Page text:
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7. The Purple Wig (continued)
The priest walked straight up to him, but strangely enough did not even glance at his ears. He stared with an almost comical seriousness at his bald forehead, and pointed to a three-cornered cicatrice, long healed, but still discernible. "Mr Green, I think." he said politely, "and he did get the whole estate after all."
And now let me tell the readers of the Daily Reformer what I think the most remarkable thing in the whole affair. This transformation scene, which will seem to you as wild and purple as a Persian fairy-tale, has been (except for my technical assault) strictly legal and constitutional from its first beginnings. This man with the odd scar and the ordinary ears is not an impostor. Though (in one sense) he wears another man's wig and claims another man's ear, he has not stolen another man's coronet. He really is the one and only Duke of Exmoor. What happened was this. The old Duke really had a slight malformation of the ear, which really was more or less hereditary. He really was morbid about it; and it is likely enough that he did invoke it as a kind of curse in the violent scene (which undoubtedly happened) in which he struck Green with the decanter. But the contest ended very differently. Green pressed his claim and got the estates; the dispossessed nobleman shot himself and died without issue. After a decent interval the beautiful English Government revived the "extinct" peerage of Exmoor, and bestowed it, as is usual, on the most important person, the person who had got the property.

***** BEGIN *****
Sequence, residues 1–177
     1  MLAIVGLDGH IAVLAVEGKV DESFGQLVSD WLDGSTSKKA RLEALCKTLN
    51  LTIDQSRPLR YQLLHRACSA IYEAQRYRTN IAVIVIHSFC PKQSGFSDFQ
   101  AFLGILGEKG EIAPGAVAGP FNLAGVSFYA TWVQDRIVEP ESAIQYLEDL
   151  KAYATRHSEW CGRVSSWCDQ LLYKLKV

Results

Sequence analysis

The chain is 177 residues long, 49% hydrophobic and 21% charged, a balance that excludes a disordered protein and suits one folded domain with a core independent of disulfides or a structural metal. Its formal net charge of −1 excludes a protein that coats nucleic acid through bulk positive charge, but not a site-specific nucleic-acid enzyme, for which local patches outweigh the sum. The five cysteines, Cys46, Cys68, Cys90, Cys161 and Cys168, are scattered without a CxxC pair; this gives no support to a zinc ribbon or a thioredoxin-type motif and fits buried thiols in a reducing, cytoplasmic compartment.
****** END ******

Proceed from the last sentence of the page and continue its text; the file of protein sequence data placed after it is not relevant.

This man used the old feudal fables--properly, in his snobbish soul, really envied and admired them. So that thousands of poor English people trembled before a mysterious chieftain with an ancient destiny and a diadem of evil stars--when they are really trembling before a guttersnipe who was a pettifogger and a pawnbroker not twelve years ago. I think it very typical of the real case against our aristocracy as it is, and as it will be till God sends us braver men.
Mr Nutt put down the manuscript and called out with unusual sharpness: "Miss Barlow, please take down a letter to Mr Finn."
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